ContentsPutah and Cache: Monticello Dam

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The Glory Hole
Monticello Dam, Floods of 1998

Rachel Dilworth

To keep floodwaters from overflowing the dam when the water level becomes too high,
the Glory Hole—a massive open cylinder in the reservoir, just before the dam wall itself—swallows
the overflow, taking it underneath the dam and ejecting it on the other side.

As though from a pitcher to a glass, water slips
over the rim and down the hole in a smooth fall,
cavesalmost softlyin. The Glory Hole will never be full.

Go out in a blaze, I guess. God, looks like a thrill.

The floods have browned the liquid in the reservoir
and the influx towards the hole moves thickly, shifted by pulls
so broad and deep they're indistinguishable.

Like she went down a bathtub drain. Right down.

You can see just inside from the road, can tell
the water wall is thinner than it first seemed,
that speed quickly picks up once clear of the edge.

Bet inside she thought, Shitforgot rappelling gear.

A sharp reflection off the backside of the dam
plates the rim of the hole with sun, draws an elliptical
outline round the thing, crowns it with clouds.

At least, on the way down she saw things no one will.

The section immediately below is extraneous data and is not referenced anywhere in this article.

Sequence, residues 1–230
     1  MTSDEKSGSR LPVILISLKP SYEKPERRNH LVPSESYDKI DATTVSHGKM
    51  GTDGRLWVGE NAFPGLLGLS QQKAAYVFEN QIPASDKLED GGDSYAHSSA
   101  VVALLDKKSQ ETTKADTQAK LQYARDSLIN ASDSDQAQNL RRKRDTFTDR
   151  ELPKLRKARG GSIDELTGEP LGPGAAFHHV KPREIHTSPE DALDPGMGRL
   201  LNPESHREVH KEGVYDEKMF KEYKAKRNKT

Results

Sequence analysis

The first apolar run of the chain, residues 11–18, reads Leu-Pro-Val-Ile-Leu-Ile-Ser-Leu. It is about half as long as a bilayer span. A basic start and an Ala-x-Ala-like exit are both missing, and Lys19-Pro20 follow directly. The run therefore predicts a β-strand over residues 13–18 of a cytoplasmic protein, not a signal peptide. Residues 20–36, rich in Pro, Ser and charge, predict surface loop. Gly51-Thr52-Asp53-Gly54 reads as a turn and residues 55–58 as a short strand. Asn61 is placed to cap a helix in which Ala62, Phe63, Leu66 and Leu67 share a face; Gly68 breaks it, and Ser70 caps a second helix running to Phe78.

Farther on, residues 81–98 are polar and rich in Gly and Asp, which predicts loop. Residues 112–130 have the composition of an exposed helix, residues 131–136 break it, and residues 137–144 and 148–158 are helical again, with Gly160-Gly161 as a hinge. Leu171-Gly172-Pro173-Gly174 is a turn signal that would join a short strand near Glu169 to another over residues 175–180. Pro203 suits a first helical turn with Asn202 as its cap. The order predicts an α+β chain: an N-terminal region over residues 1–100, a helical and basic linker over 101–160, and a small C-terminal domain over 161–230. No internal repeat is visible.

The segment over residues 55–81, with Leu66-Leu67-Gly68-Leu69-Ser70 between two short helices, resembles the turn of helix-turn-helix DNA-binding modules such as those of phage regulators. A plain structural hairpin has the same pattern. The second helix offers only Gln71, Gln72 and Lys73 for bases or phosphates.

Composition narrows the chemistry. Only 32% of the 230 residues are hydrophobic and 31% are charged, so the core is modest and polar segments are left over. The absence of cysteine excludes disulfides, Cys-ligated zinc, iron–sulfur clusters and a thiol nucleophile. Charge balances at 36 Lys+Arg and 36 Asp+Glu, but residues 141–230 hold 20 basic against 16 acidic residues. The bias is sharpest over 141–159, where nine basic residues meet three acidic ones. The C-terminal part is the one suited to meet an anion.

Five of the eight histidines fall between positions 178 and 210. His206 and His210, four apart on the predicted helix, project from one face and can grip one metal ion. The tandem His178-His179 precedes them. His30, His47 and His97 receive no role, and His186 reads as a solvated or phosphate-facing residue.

On the other side, the dam is the big screen at a drive-in
projecting static. You can hear the spray crackle
at its base. Everything that side is black and white.

You see that chute there, that's where she came out.

Water vomits from the one unstuffed plug
that relieves the dam, as though from a firehose,
as though to snuff the drastic canyon.

Heard she hung there twenty minutes before she did it. Think maybe she just slipped?

It doesn't seem there is enough to see.
We want more for the indignity of death,
for having to imagine her body as it shot out

and how cold the fall felt, and for having to palate the joke
that in her glorious burst skyward as freed water hit water
and splayed up, up, so beautifully up,

she was already dead, dead since the base of the sinkhole
or dead since the cement-walled middle; that inside, water is dark;
that there's just no way to stage it right.

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